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Barack Obama shares a laugh with Chicago Mayor Rahm Emanuel at a summit on climate change in Chicago. Photo: Charles Rex Arbogast / AP

Seven years after leaving as White House chief of staff to President Barack Obama (in Oct. 2010), Chicago Mayor Rahm Emanuel introduced his former boss yesterday in the Windy City, at a summit on climate change that includes mayors from around the globe.

  • Obama, via the Chicago Tribune: "This is my hometown, so I hope Rahm has been as good of a host as he was a chief of staff, and as good as he has been a mayor."
  • Obama didn't mention Trump by name: "Obviously we're in an unusual time when the United States is now the only nation on earth that does not belong to the Paris agreement ... And that's a difficult position to defend. But the good news is that the Paris agreement was never going to solve the climate crisis on its own. It was going to be up to all of us."

Go deeper

Wall Street braces for more turbulence ahead of Election Day

Illustration: Eniola Odetunde/Axios

Wall Street is digging in for a potentially rocky period as Election Day gets closer.

Why it matters: Investors are facing a "three-headed monster," Brian Belski, chief investment strategist at BMO Capital Markets, tells Axios — a worsening pandemic, an economic stimulus package in limbo, and an imminent election.

Dave Lawler, author of World
3 hours ago - World

How Biden might tackle the Iran deal

Photo illustration: Aïda Amer/Axios. Photo: Drew Angerer/Getty Images

Four more years of President Trump would almost certainly kill the Iran nuclear deal — but the election of Joe Biden wouldn’t necessarily save it.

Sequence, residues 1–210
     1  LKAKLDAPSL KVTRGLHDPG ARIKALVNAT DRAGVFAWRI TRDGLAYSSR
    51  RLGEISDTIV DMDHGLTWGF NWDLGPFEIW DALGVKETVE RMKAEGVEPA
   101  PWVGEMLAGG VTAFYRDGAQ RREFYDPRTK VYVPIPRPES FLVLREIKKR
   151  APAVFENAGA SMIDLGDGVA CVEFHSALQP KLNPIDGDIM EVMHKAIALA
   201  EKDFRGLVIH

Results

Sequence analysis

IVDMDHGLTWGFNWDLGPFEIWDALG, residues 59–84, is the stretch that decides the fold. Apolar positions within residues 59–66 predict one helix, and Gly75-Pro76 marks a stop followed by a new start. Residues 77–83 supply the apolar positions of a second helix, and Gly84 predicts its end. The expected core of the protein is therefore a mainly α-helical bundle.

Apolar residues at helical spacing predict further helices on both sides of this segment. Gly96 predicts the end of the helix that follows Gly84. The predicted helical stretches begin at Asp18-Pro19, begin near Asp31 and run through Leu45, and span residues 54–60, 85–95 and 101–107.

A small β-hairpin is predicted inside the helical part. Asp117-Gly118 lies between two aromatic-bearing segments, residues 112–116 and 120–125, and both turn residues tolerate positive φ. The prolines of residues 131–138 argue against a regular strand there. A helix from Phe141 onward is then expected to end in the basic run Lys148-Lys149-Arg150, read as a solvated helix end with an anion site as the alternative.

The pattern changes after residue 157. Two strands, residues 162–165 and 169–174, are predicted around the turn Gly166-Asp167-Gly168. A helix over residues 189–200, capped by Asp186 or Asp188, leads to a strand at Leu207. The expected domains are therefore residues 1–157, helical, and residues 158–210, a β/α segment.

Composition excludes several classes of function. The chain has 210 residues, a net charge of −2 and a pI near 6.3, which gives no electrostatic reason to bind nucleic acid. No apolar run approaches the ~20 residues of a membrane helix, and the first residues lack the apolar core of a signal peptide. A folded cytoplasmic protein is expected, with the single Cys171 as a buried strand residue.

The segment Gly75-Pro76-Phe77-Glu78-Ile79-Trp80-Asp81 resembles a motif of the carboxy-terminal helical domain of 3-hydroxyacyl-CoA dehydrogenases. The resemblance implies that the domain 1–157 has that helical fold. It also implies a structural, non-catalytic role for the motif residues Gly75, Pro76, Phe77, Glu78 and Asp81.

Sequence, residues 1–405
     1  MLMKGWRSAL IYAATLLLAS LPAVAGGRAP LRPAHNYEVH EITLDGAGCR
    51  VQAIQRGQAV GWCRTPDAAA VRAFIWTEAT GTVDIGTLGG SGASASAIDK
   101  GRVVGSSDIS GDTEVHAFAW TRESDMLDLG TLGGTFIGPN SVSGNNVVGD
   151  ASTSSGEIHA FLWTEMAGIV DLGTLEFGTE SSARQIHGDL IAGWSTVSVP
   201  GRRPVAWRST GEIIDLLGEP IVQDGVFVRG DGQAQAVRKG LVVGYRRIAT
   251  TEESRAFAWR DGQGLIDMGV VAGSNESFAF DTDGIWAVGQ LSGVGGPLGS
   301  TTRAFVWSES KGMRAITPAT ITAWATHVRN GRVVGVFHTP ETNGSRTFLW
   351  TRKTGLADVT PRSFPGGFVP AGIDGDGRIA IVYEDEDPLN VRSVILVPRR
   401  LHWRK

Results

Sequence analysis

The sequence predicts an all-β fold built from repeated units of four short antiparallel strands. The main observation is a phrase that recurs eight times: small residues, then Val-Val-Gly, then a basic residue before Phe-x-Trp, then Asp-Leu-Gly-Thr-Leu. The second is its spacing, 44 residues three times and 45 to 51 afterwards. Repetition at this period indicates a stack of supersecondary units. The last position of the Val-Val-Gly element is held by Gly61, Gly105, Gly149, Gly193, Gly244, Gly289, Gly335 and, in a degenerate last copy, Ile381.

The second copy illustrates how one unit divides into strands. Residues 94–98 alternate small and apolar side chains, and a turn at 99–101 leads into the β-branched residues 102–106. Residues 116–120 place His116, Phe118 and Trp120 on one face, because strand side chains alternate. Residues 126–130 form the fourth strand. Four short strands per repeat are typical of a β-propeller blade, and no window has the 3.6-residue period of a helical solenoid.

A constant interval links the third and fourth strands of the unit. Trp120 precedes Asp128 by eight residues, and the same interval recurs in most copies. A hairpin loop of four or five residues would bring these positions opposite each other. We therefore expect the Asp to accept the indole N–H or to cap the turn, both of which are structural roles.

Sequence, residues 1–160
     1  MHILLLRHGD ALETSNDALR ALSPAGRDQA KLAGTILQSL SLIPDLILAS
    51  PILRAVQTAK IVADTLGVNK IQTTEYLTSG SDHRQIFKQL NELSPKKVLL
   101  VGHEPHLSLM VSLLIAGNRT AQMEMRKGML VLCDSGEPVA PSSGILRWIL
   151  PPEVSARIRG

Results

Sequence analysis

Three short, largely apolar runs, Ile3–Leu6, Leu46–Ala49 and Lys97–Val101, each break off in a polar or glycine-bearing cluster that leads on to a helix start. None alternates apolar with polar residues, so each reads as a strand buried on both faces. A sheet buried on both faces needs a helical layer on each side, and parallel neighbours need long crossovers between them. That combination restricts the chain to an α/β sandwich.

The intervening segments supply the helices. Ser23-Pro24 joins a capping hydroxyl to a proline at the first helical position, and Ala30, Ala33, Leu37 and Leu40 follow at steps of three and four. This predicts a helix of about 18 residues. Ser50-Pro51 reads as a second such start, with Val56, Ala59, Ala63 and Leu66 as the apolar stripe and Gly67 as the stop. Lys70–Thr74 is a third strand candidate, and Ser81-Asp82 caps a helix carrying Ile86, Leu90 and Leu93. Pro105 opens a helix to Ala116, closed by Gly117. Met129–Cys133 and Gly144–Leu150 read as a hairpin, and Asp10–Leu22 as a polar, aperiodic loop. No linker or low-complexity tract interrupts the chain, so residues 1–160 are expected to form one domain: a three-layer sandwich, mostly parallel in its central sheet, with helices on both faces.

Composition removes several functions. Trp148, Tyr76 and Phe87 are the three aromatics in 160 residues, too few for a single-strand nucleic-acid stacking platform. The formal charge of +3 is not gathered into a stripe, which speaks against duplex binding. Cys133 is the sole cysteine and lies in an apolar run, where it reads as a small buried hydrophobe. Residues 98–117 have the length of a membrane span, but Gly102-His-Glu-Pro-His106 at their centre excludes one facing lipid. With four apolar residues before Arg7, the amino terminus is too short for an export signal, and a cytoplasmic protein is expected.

The big picture: Rescuing the 2015 Joint Comprehensive Plan of Action (JCPOA) is near the top of Biden's foreign policy priority list. He says he'd re-enter the deal once Iran returns to compliance, and use it as the basis on which to negotiate a broader and longer-lasting deal with Iran.

Kamala Harris, the new left's insider

Photo illustration: Eniola Odetunde/Axios. Photo: Joe Buglewicz/Getty Images     

Progressive leaders see Sen. Kamala Harris, if she's elected vice president, as their conduit to a post-Biden Democratic Party where the power will be in younger, more diverse and more liberal hands.

  • Why it matters: The party's rising left sees Harris as the best hope for penetrating Joe Biden's older, largely white inner circle.

If Biden wins, Harris will become the first woman, first Black American and first Indian American to serve as a U.S. vice president — and would instantly be seen as the first in line for the presidency should Biden decide against seeking a second term.

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